A relevant question when planning training sessions relates to fatigue. This is important as muscle injuries (e.g. hamstring strains, the most prevalent muscle injuries in football) typically occur in the latter stages of a match(7). Interestingly, fatigue during the match has been associated with decreased eccentric strength and flexibility(7). Most joint sprains also occur towards the final stages of each half of the match. We think that this might be associated with fatigue-related changes in neuromuscular control, joint dynamic stability, and postural control. This may result in players performing ‘different’ movement patterns than when they are fresh. Fatigue may lead to players using potentially injurious landing and turning techniques that occur during the later stages of football activity. Evidence to support this theory was seen using a 90-minute intermittent exercise protocol, representative of football match play. During the protocol, players had time-dependent impairments in sprinting kinematics, peak eccentric hamstring torque, functional strength ratio and overall sprint performance during the latter stages of the test(7). Such research supports our hypothesis that fatigue is a major injury risk factor of match play.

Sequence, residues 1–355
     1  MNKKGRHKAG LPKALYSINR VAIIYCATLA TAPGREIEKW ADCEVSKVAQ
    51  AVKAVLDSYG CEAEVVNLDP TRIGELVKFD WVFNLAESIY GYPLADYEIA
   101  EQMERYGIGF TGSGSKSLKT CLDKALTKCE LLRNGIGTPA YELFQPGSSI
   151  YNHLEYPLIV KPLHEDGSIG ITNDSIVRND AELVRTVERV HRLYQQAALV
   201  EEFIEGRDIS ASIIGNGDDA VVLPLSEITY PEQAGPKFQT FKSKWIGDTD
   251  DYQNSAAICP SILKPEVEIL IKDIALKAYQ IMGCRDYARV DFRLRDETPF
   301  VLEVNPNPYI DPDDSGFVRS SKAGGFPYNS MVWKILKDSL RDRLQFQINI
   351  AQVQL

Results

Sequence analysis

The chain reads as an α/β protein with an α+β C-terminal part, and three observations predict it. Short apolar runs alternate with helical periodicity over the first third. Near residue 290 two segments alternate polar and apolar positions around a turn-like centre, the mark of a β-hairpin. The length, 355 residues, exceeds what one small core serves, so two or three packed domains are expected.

Low fitness level is thought to be an injury risk factor for players(3). Therefore, practitioners often try to elevate physical fitness in the belief that this will reduce the incidence of fatigue and accompanying injury. It cannot be overlooked, however, that players with greater physical fitness will simply work at a greater, rather than reduced, relative intensity, the implication being players may still suffer from fatigue. Players tend to perform less physical work and fewer skilled actions in the second half of a match compared to the first, regardless of ability. However, given that players may rarely perform to the maximum capacity in a match, the relationship between maximal (test) performance, fitness and injury occurrence is far from simple. This is likely to have profound implications for conditioning as part of the training programme. Despite such knowledge, there appear to be few time-related guidelines on when to embed injury prevention training into the practice sessions.